"Who's there?"

I'm not worried as some would be as the man steps out of the tree's shadow. I let go of the breath I held and the hope, it's not him. This man appears to be in his forties. I can tell by the way the light shines off his hair that it's blond although I can make out some gray too, on the sides and at the temple. He's not a tall fellow but not short either. He is impeccably dressed. He clears his throat and mumbles an apology for disturbing me all the while his eyes focused on something over my shoulder.

"That's alright, son." I turn to seek out what has drawn his attention. He is staring at the two men on the hill. "Do you know them?"

"I'm sorry," he shakes his head as if to clear it and I could swear I saw a glimmer of tears there. "I didn't hear you?"

"I asked if you know them? The men on the hill?"

"Oh," a faint smile, "I did. A lifetime ago, I did."

He reminds me so much of the one I've been waiting for. "Then why are you standing here in the shadows? Why not go up and talk to them?"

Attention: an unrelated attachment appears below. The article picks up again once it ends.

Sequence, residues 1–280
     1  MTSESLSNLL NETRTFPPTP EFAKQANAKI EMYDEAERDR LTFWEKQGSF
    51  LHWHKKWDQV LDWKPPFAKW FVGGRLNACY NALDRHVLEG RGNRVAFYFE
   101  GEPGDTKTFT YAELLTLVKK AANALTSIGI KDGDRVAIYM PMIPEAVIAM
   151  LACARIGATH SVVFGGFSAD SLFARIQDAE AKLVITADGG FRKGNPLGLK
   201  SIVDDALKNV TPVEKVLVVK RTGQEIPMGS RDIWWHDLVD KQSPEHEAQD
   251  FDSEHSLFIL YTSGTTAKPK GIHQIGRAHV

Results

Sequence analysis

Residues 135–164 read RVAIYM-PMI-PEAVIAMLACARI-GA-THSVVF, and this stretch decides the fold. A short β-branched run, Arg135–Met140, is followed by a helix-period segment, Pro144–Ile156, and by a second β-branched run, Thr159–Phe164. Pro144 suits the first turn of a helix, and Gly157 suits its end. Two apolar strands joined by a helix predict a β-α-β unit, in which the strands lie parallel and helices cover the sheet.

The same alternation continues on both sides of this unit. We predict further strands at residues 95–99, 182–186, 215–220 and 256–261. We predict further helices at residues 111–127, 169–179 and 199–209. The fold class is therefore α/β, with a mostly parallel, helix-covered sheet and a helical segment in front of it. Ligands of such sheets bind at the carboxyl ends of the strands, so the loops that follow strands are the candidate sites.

"I...I can't."

"Why not? Aren't they your friends?"

"Not anymore. It was a long time ago."

He hasn't moved at all. He's staring at them like a drowning man would the shore and perhaps that is exactly what it is. I don't know this man's story but I know mine. And I watched those two men on that hill waiting. I know that they are waiting for this man just as I have waited here for mine. I wanted one more chance to convince my friend, a chance that I will never have but perhaps I can convince this man in his stead.

"What could you have done?"

"I failed him and so I failed them. They're better off without me."

I shake my head, so like him, "You blame yourself for something that wasn't your fault. They don't blame you."